The second talk titled “When to Worry About Sensitivity Bias: Theory and Evidence from 30 Years of List Experiments”, took place at Institute of Social Science (Hongo Campus) on May 29th. 19 scholars and graduate students from the University of Tokyo and other institutes attended the talk. Sensitivity bias in political surveys refers to the situation in which respondents give socially desirable answers (“social desirability bias”) to politically sensitive questions instead of revealing the truth. An accurate estimate of the scope and nature of sensitivity bias is critical to make the research reliable. Professor Coppock discussed three topics pertaining to the issue: 1) the reference group theory of sensitivity bias, 2) the sensitivity-variability tradeoff and 3) the effects of direct and indirect measurement on this tradeoff. He explained the reference group theory of sensitivity bias as an alternative to the dominant social desirability bias view, which explains sensitivity bias as a result of respondents trying to avoid embarrassment and project a favorable image to others. By comparison, the reference group theory examines whether respondents have a social referent in mind, whether they think their responses would be disclosed to social referent, what they regard as the preference of the social referent, and what their perceptions of the costs are for failing to give the desired response. Professor Coppock examined whether indirect measurement (list experiment) could mitigate the sensitivity bias and if so at what costs. He illustrated the logic of the list experiments by using a vote buying survey after the 2007 Kenyan elections (Ktamon 2016) as well as his own research. He explained how sensitivity bias was problematic in some topics such as authoritarian repression and vote buying, but not other topics such as prejudice, race, and religion. As a result of his meta-analysis of a large amount of past list experiments, he showed that although direct questions were biased they produced low-variance estimates, whereas list experiments were unbiased but they were approximately 7 times more variable than direct questions. Based on the persistence of the sensitivity bias-variability trade-off, he concluded that list experiments would be meaningful only when they are conducted with a very large sample size and when the sensitivity bias is expected to be substantial. The floor was open to questions during the one-hour talk, which was followed by further inspiring questions. Lively discussions continued over half an hour, making to the lecture a great success.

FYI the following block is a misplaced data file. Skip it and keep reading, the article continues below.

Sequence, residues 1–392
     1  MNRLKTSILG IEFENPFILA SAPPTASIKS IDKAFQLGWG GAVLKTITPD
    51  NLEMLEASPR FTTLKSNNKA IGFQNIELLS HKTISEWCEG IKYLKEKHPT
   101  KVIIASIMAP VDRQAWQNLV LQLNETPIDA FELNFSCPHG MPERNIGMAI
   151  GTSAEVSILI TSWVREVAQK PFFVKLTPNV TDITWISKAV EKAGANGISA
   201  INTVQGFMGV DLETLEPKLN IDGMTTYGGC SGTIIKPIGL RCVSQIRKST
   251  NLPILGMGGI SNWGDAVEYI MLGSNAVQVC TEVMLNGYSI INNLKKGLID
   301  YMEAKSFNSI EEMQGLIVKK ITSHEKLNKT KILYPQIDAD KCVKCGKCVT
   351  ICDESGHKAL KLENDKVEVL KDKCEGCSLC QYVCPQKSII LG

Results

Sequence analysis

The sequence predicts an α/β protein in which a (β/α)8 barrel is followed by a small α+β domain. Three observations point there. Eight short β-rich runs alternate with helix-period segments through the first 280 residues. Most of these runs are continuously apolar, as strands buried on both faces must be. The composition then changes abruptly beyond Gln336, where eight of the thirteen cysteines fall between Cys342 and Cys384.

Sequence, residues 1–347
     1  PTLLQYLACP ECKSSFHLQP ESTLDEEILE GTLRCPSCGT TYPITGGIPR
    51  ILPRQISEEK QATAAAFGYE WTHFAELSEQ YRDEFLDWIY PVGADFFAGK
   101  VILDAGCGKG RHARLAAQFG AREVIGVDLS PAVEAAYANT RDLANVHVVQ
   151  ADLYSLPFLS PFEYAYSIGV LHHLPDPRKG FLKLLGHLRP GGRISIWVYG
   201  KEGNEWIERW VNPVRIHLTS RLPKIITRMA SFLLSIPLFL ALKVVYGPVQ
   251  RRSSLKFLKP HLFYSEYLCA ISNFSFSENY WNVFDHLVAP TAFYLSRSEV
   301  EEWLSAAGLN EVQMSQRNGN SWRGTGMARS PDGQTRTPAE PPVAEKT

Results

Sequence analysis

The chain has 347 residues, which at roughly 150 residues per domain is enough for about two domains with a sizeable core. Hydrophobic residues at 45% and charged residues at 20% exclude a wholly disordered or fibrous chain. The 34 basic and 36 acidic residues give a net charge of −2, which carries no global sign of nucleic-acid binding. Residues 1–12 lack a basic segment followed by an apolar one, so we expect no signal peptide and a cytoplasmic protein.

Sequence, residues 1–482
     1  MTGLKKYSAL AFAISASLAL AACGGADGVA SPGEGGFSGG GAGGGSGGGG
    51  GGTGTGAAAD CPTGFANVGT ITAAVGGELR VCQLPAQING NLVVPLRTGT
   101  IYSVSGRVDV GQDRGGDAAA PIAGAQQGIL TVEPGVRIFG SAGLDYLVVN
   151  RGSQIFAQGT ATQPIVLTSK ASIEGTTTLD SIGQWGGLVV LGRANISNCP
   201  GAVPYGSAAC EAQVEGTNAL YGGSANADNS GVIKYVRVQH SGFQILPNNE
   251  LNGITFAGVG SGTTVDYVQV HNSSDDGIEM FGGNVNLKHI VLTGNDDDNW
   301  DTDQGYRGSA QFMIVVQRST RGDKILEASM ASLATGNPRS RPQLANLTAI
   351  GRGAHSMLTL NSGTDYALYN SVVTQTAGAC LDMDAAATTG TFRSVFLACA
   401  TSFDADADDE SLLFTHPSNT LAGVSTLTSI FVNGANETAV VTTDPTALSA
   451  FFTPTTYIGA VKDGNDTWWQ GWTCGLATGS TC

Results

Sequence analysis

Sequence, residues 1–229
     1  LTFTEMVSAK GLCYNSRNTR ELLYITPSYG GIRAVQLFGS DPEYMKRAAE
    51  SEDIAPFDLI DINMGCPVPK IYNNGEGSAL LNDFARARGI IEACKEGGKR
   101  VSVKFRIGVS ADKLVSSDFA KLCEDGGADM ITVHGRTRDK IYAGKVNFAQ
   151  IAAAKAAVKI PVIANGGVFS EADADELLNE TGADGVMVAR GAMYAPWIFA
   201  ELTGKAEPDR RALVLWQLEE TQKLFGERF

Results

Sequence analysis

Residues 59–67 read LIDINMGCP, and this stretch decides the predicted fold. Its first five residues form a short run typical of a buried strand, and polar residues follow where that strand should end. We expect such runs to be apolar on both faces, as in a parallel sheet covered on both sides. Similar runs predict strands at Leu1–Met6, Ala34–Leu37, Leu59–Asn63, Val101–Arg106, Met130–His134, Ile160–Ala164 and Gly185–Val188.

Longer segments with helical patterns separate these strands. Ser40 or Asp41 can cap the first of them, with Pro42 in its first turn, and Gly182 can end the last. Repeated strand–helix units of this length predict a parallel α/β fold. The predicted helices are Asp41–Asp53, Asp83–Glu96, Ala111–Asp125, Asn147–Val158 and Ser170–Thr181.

The Yamakawa Kenjiro Memorial Lectures are made possible by the financial support of the Friends of Tokyo, Inc. (FUTI) in cooperation with the McMillan Center, Yale University.

* Dr.Yamakawa Kenjiro was Yale University’s first Japanese student who graduated with a Bachelor of Physics in 1875.After his graduation, he led an accomplished career as a renowned physicist and professor at the University of Tokyo.Later, he served as the President of the Imperial University of Tokyo, Kyoto, and Kyushu and devoted himself to thedevelopment of higher education in modern Japan. The Yamakawa Kenjiro Memorial Lectures have been delivered byYale faculty members in Tokyo since 2013.